To estimate the inactivation of gaseous ClO2 during low-temperature drying and its effect under refrigerating temperature, the initial microbial load and after ClO2 treatment time (6, 12, 18, and 24 h) was analyzed. The influence of ClO2 treatment on microbial growth was analyzed at 4 °C. The dried samples were immediately packed in a sterile sample bag after drying and stored for a period of 21 days. The steamed (control) and dried (treated) rice cakes (10 g) were placed in Stomacher bags containing 100 mL of buffered peptone water and homogenized for 5 min at every experimental point (Polytron PT 2100 homogenizer, Kinematica, AG Inc., Lucerne, Switzerland). Samples were serially diluted 10-fold with 9 mL of sterile buffered peptone water. The diluted samples were spread plated on plate count agar (PCA) (Difco Laboratories Inc., Franklin Lakes, NJ, USA). All plates were incubated at 37 °C for 24–48 h under aerobic conditions.

2.8. EpH Analysis of ClO2 Treated Rice Cake

To measure the pH of rice cake samples, 20 g of rice cake was placed in sample bags with 80 mL distilled water and homogenized with a polytron PT 2100 homogenizer. The pH was measured five times using a pH meter. The initial pH of untreated rice cake sample was 6.11 ± 0.03 and after 24 h drying with intermittent ClO2 application, the pH of sample was 5.82 ± 0.02. The two measured pH served as the environmental pH conditions for the microbial growth model.

2.9. Growth Model of Treated Rice Cake

2.9.1. Preparation of Bacillus cereus Spore Suspension

B. cereus is the major microbial contaminant of rice products [14,18]. Therefore, B. cereus used for the growth model analysis was isolated by direct plating of homogenized and steamed but not treated rice cake sample, using the method described by Moore et al. [35]. The strains were incubated at 37 °C for 24 h. Colonies with the typical appearance of B. cereus, i.e., crenated, i.e., about 5 mm in diameter and with a distinct turquoise-to-peacock blue color surrounded by substantial egg yolk precipitate of the same color, were isolated and scooped using a sterile loop [35]. The spore was cleaned and washed with 1 mL of distilled water into a test tube containing 9 mL distilled water for serial dilution. Dilution was carried out until an estimated bacterial concentration of about 3 log CFU/mL was achieved.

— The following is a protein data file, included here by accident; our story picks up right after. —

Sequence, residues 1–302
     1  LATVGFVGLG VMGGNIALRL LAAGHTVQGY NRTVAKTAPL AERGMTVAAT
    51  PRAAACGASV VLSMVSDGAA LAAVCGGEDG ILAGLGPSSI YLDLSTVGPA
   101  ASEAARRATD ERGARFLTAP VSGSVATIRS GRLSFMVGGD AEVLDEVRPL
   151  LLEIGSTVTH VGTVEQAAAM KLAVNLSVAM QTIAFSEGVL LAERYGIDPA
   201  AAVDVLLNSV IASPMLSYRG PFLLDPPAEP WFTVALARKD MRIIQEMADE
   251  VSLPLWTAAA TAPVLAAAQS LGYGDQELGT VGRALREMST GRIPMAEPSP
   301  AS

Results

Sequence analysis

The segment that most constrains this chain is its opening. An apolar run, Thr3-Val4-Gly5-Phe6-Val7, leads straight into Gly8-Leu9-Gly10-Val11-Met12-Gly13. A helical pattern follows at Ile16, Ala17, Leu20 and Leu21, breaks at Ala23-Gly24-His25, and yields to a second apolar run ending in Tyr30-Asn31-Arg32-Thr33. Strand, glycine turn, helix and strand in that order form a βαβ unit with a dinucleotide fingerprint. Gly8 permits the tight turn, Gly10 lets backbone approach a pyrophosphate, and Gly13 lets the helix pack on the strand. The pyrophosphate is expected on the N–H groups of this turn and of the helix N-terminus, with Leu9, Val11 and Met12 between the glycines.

2.9.2. Inoculation of B. cereus Spores on Sterile Rice Cake

The rice cake sample was sterilized using the method described by Jung et al., [20] with slight modification, and microbial analysis was used to confirm the sterility of the sample. After sterilization, rice cake samples were further dried using intermittent gaseous ClO2 application for 24 h. A subsequent microbial analysis was conducted to ensure that contamination during the drying process did not occur. Rice samples were inoculated under a laminar airflow, on a clean bench with 0.1 mL of approximately 3 log CFU/mL of B. cereus strains, on about 5–10 spots on the sterile rice cake sample. Inoculated samples were allowed to dry for 10 min on a clean bench before packing in a sterile sample bag and stored at varying temperatures (5, 10, 15, 20 and 25 °C).

2.9.3. Primary Model

The growth of B. cereus was studied as a function of the storage temperature (5, 10, 15, 20 and 25 °C) and pH of the rice cake sample after treatment with ClO2 for 24 h. Baranyi model proposed by Baranyi and Robert [36] was used to fit the isothermal growth curves (Equation (2)). The primary models were fits to the experimental growth data using MATLAB curve fitting tools (Mathworks® Inc., Natick, MA, USA).
γ t = γ 0 + μ m a x F ( t ) + ln ( 1 + e μ m a x F ( t ) 1 e γ max γ 0 )
F ( t ) = t + 1 v   ln ( e v t + e h 0 e ( v t h 0 ) )
γ t represent the cell concentration expressed as ln CFU/g at time t ; γ 0 denotes the initial cell concentration in ln CFU/g; γ max indicates the maximum cell concentration in ln CFU/g; μ m a x refers to the maximum specific growth rate in ln CFU/h; v indicates the rate of increase in the limiting substrate, assumed to be equal to μ m a x   h 0 is equal to μ max λ ; and λ is the duration of the lag time phase in hours. The parameter h 0 is constant when the pre-inoculation history of the bacterial cells is identical [36]. Therefore, initially, four parameters of the Baranyi model were estimated: γ 0 ,   γ max , μ m a x and h 0 . The average h 0 value, h 0 ¯ was then calculated and the other three parameters were estimated again with the h 0 term in Equations (2) and (3) fixed at h 0 ¯ .
To characterize the effect of the temperature on the growth parameter estimated by Equation (2), the average estimated μ m a x and λ values for the model were plotted with respect to storage temperature using the modified Ratkowsky secondary model [37]. The model was fitted to the average μ m a x (Equation (4));
μ max = a ( T T m i n ) 2 { 1 exp [ b ( T T max ) ] }